Friday, March 27, 2009

GOP Releases Problem-Laden Alternative "Budget" Preview

The GOP has offered an alternative budget blueprint that is short on details and that fails to specify anticipated spending and revenue, which are essential elements of a "budget." Much of of the document simply responds to President Obama's plan in politically charged (and already familiar) language.

According to Politico, some Republicans are upset by the document, which they believe upstages a serious alternative budget currently under production:
“In his egocentric rush to get on camera, Mike Pence threw the rest of the Conference under the bus, specifically Paul Ryan, whose staff has been working night and day for weeks to develop a substantive budget plan," said a GOP aide heavily involved in budget strategy.

"I hope his camera time was gratifying enough to justify erasing the weeks of hard work by dozens of Republicans to put forth serious ideas," the person added.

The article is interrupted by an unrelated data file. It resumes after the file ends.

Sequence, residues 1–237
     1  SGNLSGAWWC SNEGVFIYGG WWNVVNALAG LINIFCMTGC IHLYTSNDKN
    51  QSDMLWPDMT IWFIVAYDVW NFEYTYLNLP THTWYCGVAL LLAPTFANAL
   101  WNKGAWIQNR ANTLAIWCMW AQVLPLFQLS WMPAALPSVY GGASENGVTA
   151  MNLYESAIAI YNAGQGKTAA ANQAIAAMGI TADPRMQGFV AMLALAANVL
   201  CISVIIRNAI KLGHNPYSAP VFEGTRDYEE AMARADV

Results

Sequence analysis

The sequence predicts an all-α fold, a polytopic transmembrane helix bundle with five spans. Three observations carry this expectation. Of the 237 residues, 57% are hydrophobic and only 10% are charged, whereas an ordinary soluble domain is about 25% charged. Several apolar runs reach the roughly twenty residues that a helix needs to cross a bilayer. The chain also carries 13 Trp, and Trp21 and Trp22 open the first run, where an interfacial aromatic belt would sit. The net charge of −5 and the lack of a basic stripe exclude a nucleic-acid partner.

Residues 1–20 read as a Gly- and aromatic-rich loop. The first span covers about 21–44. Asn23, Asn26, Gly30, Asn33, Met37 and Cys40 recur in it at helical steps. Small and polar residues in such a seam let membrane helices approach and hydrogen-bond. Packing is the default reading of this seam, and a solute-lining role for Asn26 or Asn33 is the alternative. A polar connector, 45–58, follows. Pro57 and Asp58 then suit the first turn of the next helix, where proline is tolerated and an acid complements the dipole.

"It's categorically untrue," said Pence spokesman Matt Lloyd. "Cantor as well as Ryan and the rest of the leadership have been part of this process for weeks. They not only signed off on it, but their staffs helped edit it."

Ryan told POLITICO that he didn't feel thrown under any buses and downplayed the disagreement.

"The problem is that somewhere along the line, someone got the mistaken impression that we were going to roll out a budget alternative today," he said. "What we all signed off on was a preview—the real [alternative] is coming next week."

Still, when he was asked what purpose today's preview served, Ryan directed me to Pence's office: "You've got to ask the conference this question, I can't answer that question."